Author Jean Twenge Professor of Psychology, San Diego State University Academic rigor, journalistic flair Around 2012, something started going wrong in the lives of teens. In just the five years between 2010 and 2015, the number of U.S. teens who felt useless and joyless – classic symptoms of depression – surged 33 percent in large national surveys. Teen suicide attempts increased 23 percent. Even more troubling, the number of 13- to 18-year-olds who committed suicide jumped 31 percent. In a new paper published in Clinical Psychological Science, my colleagues and I found that the increases in depression, suicide attempts and suicide appeared among teens from every background – more privileged and less privileged, across all races and ethnicities and in every region of the country. All told, our analysis found that the generation of teens I call “iGen” – those born after 1995 – is much more likely to experience mental health issues than pimchawee November 14, 2017 9.36am EST With teen mental health deteriorating over five years, there's a likely culprit https://theconversation.com/with-teen-mental-health-deteriorating-over-f... 1 of 3 11/24/2017, 4:21 PM their millennial predecessors. What happened so that so many more teens, in such a short period of time, would feel depressed, attempt suicide and commit suicide? After scouring several large surveys of teens for clues, I found that all of the possibilities traced back to a major change in teens’ lives: the sudden ascendance of the smartphone. All signs point to the screen Because the years between 2010 to 2015 were a period of steady economic growth and falling unemployment, it’s unlikely that economic malaise was a factor. Income inequality was (and still is) an issue, but it didn’t suddenly appear in the early 2010s: This gap between the rich and poor had been widening for decades. We found that the time teens spent on homework barely budged between 2010 and 2015, effectively ruling out academic pressure as a cause. However, according to the Pew Research Center, smartphone ownership crossed the 50 percent threshold in late 2012 – right when teen depression and suicide began to increase. By 2015, 73 percent of teens had access to a smartphone. Not only did smartphone use and depression increase in tandem, but time spent online was linked to mental health issues across two different data sets. We found that teens who spent five or more hours a day online were 71 percent more likely than those who spent less than an hour a day to have at least one suicide risk factor (depression, thinking about suicide, making a suicide plan or attempting suicide). Overall, suicide risk factors rose significantly after two or more hours a day of time online. Of course, it’s possible that instead of time online causing depression, depression causes more time online. But three other studies show that is unlikely (at least, when viewed through social media use). Two followed people over time, with both studies finding that spending more time on social media led to unhappiness, while unhappiness did not lead to more social media use. A third randomly assigned participants to give up Facebook for a week versus continuing their usual use. Those who avoided Facebook reported feeling less depressed at the end of the week. The argument that depression might cause people to spend more time online doesn’t also explain why depression increased so suddenly after 2012. Under that scenario, more teens became depressed for an unknown reason and then started buying smartphones, which doesn’t seem too logical. What’s lost when we’re plugged in Even if online time doesn’t directly harm mental health, it could still adversely affect it in indirect ways, especially if time online crowds out time for other activities. With teen mental health deteriorating over five years, there's a likely culprit https://theconversation.com/with-teen-mental-health-deteriorating-over-f... 2 of 3 11/24/2017, 4:21 PM Mental health Suicide Depression Generations Smartphones Friendship Screen time teen depression Teens For example, while conducting research for my book on iGen, I found that teens now spend much less time interacting with their friends in person. Interacting with people face to face is one of the deepest wellsprings of human happiness; without it, our moods start to suffer and depression often follows. Feeling socially isolated is also one of the major risk factors for suicide. We found that teens who spent more time than average online and less time than average with friends in person were the most likely to be depressed. Since 2012, that’s what has occurred en masse: Teens have spent less time on activities known to benefit mental health (in-person social interaction) and more time on activities that may harm it (time online). Teens are also sleeping less, and teens who spend more time on their phones are more likely to not be getting enough sleep. Not sleeping enough is a major risk factor for depression, so if smartphones are causing less sleep, that alone could explain why depression and suicide increased so suddenly. Depression and suicide have many causes: Genetic predisposition, family environments, bullying and trauma can all play a role. Some teens would experience mental health problems no matter what era they lived in. But some vulnerable teens who would otherwise not have had mental health issues may have slipped into depression due to too much screen time, not enough face-to-face social interaction, inadequate sleep or a combination of all three. It might be argued that it’s too soon to recommend less screen time, given that the research isn’t completely definitive. However, the downside to limiting screen time – say, to two hours a day or less – is minimal. In contrast, the downside to doing nothing – given the possible consequences of depression and suicide – seems, to me, quite high. It’s not too early to think about limiting screen time; let’s hope it’s not too late. With teen mental health deteriorating over five years, there's a likely culprit https://theconversation.com/with-teen-mental-health-deteriorating-over-f... 3 of 3 11/24/2017, 4:21 PMWith teen mental health deteriorating over five years, there's a likely culprit_Page_2With teen mental health deteriorating over five years, there's a likely culprit_Page_3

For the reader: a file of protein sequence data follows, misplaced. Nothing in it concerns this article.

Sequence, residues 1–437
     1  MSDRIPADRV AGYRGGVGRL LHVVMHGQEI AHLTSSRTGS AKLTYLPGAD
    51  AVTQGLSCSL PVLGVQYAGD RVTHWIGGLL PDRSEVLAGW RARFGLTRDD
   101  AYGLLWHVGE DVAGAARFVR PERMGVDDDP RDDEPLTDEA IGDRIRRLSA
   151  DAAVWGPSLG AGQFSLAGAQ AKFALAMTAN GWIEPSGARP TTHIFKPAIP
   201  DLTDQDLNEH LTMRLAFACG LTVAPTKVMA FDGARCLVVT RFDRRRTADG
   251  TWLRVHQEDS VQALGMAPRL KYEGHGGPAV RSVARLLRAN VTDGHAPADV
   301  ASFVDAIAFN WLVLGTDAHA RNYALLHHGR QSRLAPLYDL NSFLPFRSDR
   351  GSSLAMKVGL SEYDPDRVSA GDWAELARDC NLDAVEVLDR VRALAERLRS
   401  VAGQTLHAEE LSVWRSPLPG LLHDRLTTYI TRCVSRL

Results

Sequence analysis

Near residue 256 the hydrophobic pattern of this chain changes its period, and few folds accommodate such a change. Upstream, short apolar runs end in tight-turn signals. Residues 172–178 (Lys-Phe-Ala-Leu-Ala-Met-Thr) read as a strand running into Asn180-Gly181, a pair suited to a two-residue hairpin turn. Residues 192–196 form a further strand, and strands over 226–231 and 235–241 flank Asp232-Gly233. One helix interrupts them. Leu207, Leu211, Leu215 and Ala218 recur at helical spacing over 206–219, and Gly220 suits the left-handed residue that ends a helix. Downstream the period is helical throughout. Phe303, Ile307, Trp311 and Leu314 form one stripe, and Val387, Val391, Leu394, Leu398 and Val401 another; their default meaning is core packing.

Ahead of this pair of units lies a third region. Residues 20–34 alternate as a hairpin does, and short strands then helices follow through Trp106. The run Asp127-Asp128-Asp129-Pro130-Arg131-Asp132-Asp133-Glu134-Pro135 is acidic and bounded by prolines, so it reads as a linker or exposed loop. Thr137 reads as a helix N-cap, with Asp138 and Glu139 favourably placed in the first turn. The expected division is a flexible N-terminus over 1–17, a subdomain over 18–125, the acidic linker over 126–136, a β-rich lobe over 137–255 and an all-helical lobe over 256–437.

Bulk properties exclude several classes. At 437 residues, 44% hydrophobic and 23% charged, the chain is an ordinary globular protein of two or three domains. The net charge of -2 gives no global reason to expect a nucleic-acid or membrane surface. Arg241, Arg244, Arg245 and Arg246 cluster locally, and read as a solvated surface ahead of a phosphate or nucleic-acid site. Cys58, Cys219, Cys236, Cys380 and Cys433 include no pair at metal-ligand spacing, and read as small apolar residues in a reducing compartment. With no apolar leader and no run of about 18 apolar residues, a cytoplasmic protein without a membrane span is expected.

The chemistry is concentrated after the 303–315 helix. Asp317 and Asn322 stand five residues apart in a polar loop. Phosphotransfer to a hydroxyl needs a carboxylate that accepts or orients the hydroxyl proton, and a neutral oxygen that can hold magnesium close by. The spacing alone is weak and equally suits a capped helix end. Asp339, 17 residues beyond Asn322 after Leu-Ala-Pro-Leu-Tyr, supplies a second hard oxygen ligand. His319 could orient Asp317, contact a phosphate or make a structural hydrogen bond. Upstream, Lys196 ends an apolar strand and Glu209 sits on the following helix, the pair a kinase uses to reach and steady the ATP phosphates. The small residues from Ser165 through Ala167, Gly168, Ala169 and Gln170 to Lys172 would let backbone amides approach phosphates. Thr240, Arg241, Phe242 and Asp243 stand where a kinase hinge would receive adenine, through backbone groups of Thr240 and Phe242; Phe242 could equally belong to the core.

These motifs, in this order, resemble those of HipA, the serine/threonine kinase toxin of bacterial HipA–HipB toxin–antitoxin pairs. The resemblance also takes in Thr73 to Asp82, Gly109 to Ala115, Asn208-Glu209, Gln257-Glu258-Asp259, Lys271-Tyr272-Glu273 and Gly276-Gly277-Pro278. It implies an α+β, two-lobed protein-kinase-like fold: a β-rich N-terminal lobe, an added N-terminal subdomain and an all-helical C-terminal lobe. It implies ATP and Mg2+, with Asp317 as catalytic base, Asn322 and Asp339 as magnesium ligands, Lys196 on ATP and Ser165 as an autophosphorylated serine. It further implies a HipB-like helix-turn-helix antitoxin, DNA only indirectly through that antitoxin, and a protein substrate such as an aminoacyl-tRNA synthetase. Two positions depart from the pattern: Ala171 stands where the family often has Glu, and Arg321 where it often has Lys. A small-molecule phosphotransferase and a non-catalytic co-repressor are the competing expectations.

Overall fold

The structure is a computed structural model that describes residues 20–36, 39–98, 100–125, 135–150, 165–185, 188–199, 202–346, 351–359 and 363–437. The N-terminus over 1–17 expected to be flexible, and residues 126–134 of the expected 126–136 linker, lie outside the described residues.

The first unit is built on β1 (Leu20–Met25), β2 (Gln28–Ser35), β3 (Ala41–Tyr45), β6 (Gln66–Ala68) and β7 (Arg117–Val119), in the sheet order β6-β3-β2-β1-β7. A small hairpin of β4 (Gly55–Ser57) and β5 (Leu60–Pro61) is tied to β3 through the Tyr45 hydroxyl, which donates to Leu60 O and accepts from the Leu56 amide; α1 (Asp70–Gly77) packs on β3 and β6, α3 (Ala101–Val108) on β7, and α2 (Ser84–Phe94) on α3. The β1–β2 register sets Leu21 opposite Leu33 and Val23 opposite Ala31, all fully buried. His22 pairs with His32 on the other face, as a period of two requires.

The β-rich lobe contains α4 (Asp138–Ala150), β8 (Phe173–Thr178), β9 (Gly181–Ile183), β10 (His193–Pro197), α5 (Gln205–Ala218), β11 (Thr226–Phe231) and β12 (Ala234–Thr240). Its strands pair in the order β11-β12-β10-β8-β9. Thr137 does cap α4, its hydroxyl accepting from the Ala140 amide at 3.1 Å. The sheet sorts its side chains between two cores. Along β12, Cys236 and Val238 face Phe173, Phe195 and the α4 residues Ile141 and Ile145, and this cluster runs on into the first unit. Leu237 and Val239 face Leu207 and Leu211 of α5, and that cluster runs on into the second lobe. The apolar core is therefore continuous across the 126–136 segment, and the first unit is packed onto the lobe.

MetroWest Adolescent Health Survey Report

MHS sigh

The full MetroWest Adolescent Health Survey Report has been put on-line by the schools.  I am not sure if this is the first year the full report has been made available, as I know in the past only summaries were distributed.  Great to see the actual data.

A few things I noticed from scanning it:

  • fair amount of alcohol and marijuana use
  • lots and lots of stress
  • some pressured to provide sex
  • few parents control and/or discuss on-line use and time

http://medfield.net/district-information/mwahs.html

I was interested to learn at a recent Medfield Cares About Prevention (MCAP) (www.MedfieldCares.org) meeting that the kids generally do not believe the data about alcohol and drug use affecting their brains, based on their push back to Dr. Ruth Potee when she was presenting the facts to them at her recent talk at Medfield High School.